Evolution of Religion

Religion. "Praise be to God." "Awakening the Buddha within." "Allāhu akbar." Just phrases at first sight.. But what comes to mind? Depending on your background or your personal situation, each of these might prime you with anxiety, or with comfort. Equally so, wars have been (and are) fought over whose way is ‘The Way’.

Then this title: Evolution of Religion? Should it not be Religion or Evolution? No, and we will explain why.

Among of the natural allies (or for that matter among the opponents!) of religion, the social sciences have often encountered great difficulties dealing with transcendental or mythical ideas, because of the own nature of these sciences and because of the ambiguities concerning religion. Also, as a result of the secularization hypothesis in the twentieth century in sociology, religion has become an often-ignored topic in the social sciences. A very brief and rough explanation of the secularization hypothesis holds that religion would disappear worldwide under the influences of modernization, as has been witnessed in Western Europe. However, this hypothesis is discredited as an overall explanation now by sociologists (e.g. Casanova, 1994), and in many social sciences a resurgence and reexamination of religious phenomena is taking place (cf. Barsalou, Barbey, Simmons, & Santos, 2005; Van der Veer, 2006). For our purposes, we want to examine what the function of religion is, from an evolutionary cultural perspective.

When discussing the topic of religion in the social sciences, a disclaimer appears necessary. As social scientists, we are not equipped to deal with questions about transcendence or with out-of-this-world phenomena. Quite frankly, it is not even in our interest to do so at this stage. Thus, we will not engage in any such theological arguments. Moreover, we will also not engage in the sociological issue to define what religion is from a theoretical perspective. Through our article, we hope to analyze religion, as religion per se is a fabulously interesting phenomenon from a cultural, psychological, or evolutionary perspective. Thus, in this article, we want to dig deeper into the why and what of the development of religion in terms of psychological and evolutionary perspectives. We will examine this through supplying a framework of the content of belief, on the necessity for people to believe in cause and effect, which we will attempt to unify with a needs-based perspective. We first attempt to explore the question as to why people participate in religious rites and traditions, then, we go into the questions as to why people actually would believe. By no means do we believe this analysis to be complete, but we hope to give some evolutionary background as to how and why religion developed as a social psychological construct.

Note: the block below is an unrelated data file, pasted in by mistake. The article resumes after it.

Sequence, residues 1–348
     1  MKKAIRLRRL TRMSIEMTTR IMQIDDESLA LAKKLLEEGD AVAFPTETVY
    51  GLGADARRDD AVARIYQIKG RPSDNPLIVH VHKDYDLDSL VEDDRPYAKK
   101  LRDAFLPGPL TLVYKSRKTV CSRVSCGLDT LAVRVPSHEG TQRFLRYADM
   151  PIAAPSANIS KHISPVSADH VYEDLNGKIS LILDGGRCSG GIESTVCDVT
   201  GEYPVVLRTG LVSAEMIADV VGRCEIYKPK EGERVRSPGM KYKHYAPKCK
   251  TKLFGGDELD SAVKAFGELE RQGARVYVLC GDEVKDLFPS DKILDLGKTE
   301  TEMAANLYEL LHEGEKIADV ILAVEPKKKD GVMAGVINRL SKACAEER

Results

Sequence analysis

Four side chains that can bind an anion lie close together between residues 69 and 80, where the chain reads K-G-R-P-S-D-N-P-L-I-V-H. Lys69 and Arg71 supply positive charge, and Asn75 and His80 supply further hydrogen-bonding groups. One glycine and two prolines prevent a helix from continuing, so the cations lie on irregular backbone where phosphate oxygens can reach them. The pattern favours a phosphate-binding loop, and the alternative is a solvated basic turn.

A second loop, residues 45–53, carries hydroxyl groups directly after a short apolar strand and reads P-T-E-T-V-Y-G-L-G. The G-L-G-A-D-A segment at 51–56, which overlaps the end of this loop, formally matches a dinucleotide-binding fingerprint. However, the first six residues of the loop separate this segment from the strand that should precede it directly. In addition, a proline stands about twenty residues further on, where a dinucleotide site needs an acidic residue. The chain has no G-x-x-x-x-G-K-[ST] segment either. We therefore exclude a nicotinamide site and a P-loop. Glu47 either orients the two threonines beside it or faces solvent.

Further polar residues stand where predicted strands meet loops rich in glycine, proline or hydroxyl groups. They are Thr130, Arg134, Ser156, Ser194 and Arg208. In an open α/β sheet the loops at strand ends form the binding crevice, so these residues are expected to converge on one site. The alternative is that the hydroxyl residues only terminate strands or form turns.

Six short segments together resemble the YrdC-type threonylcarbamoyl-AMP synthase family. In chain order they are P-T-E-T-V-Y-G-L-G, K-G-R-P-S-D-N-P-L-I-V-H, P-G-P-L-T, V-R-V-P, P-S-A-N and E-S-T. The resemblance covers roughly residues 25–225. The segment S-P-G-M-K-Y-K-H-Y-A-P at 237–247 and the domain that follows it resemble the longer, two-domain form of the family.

The traits of religion: a framework

A vital question when looking at religion from a scientific, evolutionary perspective is ‘Why do people believe in deities?’ Through this question, we do not want to deny the possibility of the existence of a deity, but merely want to investigate the social psychological aspect; hence, we will analyze deities separate from transcendental theories. Based on Boyer’s (2003) approach to religion and deities in particular, we will propose the idea that deities should be approached from a mythic point of view: the tales told about the deity explain how people think about the deity and approach it. It is therefore important to know that deities are not the only myths people believe in – there are also legends, folktales and fantasies, for example. Boyer (2003) suggests that religious notions such as deities are just one example of a wide array of mythical or supernatural thinking, and discusses the features that allow supernatural notions to spread themselves. These features are based on evolutionary developed abilities, such as  Social Exchange Theory and  Theory of Mind. This makes religion (as a psychological construct) basically a by-product of pre-existing, evolutionarily shaped cognitive abilities. If this is the case, one would expect a certain universality of religious notions around the world, since one can assume that everyone possesses a similar set of cognitive capabilities, with the exception of mental disorders. Atran and Norenzayan (2004) extend this notion of universality in a framework of religion. While they focus on the properties of supernatural agents, we extend this framework here to Boyer’s (2003) notion of myths. In their framework, they propose that a) widespread  counterfactual and  counterintuitive beliefs in myths, such as supernatural agents, exist, b) that hard-to-fake public expressions of costly material commitments are offered worldwide in relation to these mythical properties, c) that these mythical properties answer people’s existential anxieties, and d) that a), b) and c) are orchestrated in a ritualized, rhythmic sensory coordination.

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